Saturn. It’s the sixth planet from the sun and the second largest planet in our solar system. Orbiting around it is Titan, one of the most ‘earth-like’ celestial bodies we’ve ever seen according to NASA.
Titan has been the subject of intense research for several years now as a potential home for life. The frozen, oxygen-less moon bears many similarities to what Earth may have been like many millions of years ago.
Usually, when planets are deemed as ‘habitable’, this is based on their ability to sustain life as we know it: Oxygen breathing, carbon based life forms. A team of researchers has, however, discovered the potential for methane-based bioforms to exist. A research team at Cornell University has been able to create a theoretical blueprint for ‘life not as we know it’, completely oxygen-free and methane-based.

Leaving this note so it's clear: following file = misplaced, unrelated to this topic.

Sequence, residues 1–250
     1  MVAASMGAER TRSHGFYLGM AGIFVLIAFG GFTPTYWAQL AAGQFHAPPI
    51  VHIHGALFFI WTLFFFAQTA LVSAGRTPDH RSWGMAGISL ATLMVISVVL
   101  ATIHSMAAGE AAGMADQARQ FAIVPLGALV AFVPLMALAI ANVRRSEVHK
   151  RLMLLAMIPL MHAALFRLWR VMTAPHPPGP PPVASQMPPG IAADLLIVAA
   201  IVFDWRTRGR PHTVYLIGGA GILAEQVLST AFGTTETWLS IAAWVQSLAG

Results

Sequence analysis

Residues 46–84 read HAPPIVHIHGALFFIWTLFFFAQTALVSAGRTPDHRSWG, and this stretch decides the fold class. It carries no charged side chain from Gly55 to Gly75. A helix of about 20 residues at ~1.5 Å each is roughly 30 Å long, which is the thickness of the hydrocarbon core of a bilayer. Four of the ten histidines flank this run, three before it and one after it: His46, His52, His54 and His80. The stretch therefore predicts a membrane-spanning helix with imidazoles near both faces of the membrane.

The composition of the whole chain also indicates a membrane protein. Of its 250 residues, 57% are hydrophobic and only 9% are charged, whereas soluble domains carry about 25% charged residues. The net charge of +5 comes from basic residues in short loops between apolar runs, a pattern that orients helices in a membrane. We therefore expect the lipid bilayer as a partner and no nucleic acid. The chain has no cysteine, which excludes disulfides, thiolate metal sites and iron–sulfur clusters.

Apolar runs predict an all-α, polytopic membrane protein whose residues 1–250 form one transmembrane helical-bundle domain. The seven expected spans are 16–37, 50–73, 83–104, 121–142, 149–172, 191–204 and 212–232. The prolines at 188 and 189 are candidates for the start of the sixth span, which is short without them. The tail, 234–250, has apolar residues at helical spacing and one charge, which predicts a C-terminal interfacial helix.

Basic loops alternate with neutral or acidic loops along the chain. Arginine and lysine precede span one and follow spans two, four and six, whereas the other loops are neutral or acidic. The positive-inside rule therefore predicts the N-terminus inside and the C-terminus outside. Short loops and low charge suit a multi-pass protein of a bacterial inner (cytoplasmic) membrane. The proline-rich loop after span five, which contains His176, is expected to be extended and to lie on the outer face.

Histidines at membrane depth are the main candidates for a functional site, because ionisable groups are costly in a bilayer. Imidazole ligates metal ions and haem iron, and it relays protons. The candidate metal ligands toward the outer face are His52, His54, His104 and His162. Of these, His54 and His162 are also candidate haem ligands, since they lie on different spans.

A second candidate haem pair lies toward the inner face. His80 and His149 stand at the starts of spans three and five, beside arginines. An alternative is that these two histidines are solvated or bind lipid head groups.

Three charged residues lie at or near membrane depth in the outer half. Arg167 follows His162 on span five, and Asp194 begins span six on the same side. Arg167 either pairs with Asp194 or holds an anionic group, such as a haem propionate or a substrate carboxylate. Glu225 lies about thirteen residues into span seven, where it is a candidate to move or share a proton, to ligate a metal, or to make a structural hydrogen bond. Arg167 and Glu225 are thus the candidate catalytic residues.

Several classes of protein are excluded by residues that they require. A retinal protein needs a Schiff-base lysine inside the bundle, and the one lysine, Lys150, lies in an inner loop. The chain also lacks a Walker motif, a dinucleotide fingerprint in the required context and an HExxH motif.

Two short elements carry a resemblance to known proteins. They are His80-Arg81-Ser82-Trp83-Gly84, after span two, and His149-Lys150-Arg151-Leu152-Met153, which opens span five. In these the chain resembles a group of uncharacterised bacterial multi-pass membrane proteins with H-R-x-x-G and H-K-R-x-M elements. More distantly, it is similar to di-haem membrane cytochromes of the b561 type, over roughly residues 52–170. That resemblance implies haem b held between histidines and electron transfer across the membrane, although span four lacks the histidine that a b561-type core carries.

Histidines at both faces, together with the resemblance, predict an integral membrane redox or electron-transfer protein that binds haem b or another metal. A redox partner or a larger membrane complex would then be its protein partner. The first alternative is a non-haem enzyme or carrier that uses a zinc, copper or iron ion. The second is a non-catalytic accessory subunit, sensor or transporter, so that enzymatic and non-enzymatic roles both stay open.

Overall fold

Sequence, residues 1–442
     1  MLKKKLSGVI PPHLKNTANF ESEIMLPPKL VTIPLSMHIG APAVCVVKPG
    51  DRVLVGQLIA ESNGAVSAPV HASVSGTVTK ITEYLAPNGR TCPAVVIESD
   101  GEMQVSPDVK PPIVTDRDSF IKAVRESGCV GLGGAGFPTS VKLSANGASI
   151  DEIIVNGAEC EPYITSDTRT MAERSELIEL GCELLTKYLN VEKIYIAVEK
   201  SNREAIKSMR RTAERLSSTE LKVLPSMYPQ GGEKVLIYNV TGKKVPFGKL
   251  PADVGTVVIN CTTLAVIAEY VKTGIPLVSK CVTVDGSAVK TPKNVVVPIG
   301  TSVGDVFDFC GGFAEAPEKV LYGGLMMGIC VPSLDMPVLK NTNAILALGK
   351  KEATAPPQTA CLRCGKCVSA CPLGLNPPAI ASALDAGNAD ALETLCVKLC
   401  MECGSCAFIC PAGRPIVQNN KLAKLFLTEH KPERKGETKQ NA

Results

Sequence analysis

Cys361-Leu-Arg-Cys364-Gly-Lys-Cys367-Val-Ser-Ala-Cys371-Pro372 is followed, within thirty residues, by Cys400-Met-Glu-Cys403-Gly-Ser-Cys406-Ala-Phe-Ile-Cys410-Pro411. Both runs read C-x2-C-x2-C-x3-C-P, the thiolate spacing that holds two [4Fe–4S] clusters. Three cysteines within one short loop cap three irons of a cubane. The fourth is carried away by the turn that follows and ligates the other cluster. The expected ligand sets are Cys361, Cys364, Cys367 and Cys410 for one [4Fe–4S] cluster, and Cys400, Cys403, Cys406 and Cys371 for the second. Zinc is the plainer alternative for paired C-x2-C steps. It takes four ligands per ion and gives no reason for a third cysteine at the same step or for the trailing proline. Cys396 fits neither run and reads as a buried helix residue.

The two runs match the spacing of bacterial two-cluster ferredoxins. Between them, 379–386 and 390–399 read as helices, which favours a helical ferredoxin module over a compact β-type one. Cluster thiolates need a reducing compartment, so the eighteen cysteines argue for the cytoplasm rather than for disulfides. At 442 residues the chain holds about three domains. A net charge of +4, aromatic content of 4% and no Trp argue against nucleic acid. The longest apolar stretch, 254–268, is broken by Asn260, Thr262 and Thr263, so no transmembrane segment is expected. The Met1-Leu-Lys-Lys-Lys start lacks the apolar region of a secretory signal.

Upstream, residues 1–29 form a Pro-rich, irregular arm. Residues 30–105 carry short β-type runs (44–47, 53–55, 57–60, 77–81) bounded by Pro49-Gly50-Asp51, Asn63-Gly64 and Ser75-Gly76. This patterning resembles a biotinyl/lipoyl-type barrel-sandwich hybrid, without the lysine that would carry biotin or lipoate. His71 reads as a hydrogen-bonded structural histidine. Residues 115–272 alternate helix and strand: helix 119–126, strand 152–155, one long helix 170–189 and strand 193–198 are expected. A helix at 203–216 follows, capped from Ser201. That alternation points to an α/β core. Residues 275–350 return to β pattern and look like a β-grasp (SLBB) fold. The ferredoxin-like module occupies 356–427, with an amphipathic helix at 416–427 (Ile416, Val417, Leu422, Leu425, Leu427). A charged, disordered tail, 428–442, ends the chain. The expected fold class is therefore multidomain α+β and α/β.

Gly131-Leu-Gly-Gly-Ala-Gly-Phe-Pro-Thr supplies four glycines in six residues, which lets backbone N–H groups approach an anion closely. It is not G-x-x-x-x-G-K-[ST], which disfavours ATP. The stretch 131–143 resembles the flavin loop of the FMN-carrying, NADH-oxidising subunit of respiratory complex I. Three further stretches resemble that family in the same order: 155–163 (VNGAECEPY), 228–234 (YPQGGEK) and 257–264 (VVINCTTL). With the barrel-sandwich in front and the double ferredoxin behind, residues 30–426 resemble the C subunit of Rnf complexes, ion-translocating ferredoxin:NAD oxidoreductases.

Titan’s unique atmosphere and ideal, earthling conditions offers up the slight opportunity that maybe, just maybe, we could envision the development of basic, primordial methane-based lifeforms. Eventually.
For the moment, research has indicated there is a theoretical possibility that bioforms could, one day, form in an environment like Titan’s.
Chances are we’ll never find out if Titan can support new forms of life, but the possibility of it is what’s exciting! It may change our understanding and preconceptions of what planets might be able to support or foster life in the future.